Cushions filled with down over a foam core allow the sitter to be enveloped and enter a world of comfort, whilst being flawlessly supported by steel rod legs with a polished chrome finish. Providing a place with a relaxing sense of security, the chair gains its name from being designed around the theory that a great number of people have never really felt comfortable and secure since they left the womb and this chair. Continuing to be one of the most iconic and recognised representations of mid-century organic modernism, the Womb Chair’s highly innovative structural form will match any interior whilst still drawing the eye to its curvaceous shape and bold colours. The Womb Chair has an accompanying Ottoman, available in the same finish as the chair.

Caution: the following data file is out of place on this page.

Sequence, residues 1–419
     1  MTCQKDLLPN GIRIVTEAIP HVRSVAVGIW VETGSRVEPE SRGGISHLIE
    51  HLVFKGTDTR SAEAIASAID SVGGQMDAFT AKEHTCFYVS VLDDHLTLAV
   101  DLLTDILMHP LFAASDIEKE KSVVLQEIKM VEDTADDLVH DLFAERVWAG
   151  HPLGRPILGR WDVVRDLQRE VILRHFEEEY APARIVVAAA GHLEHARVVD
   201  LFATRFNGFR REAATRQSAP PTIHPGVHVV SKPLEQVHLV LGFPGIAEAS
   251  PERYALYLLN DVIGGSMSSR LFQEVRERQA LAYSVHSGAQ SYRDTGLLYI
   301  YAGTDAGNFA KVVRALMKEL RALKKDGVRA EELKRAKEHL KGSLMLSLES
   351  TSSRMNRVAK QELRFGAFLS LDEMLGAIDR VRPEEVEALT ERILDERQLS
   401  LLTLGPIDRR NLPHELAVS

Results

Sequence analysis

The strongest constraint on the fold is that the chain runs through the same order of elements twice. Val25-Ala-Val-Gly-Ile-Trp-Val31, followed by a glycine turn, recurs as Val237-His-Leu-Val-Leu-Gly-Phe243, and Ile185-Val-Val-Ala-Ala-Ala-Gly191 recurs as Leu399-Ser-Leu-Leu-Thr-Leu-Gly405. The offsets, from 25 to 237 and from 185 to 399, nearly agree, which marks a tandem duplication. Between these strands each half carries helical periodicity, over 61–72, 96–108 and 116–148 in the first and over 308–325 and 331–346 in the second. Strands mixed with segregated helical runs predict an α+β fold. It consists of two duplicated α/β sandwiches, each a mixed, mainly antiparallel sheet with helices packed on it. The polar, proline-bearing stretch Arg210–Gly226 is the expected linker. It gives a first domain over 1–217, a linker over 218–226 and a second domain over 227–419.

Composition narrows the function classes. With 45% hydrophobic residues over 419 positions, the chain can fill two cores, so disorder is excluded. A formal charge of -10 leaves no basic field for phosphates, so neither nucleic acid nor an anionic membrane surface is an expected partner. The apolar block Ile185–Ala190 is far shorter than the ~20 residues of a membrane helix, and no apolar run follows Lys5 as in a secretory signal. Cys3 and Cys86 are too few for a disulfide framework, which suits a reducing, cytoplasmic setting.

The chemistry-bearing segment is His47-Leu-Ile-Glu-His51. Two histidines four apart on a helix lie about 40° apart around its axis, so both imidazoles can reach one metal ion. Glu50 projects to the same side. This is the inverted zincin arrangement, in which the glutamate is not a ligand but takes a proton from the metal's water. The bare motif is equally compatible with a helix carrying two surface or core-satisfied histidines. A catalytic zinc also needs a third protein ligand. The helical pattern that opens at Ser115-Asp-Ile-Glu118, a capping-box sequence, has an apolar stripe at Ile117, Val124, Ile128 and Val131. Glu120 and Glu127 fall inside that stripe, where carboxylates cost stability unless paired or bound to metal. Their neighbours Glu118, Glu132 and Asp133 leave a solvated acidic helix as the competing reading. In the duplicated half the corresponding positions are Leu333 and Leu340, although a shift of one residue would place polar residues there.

Ever wanted to know a little more about Eero Saarinen’s iconic Womb Chair, and why it has its unusual name? Have a read of our Journal article – it’s a history lesson you won’t want to miss.
Finnish-American architect Eero Saarinen (1910-1961) was incredibly influential in shaping the postwar American modern design movement. Born in Finland Eero Saarinen was the son of architect Eliel Saarinen, one of the founders of the Cranbrook Academy of Art.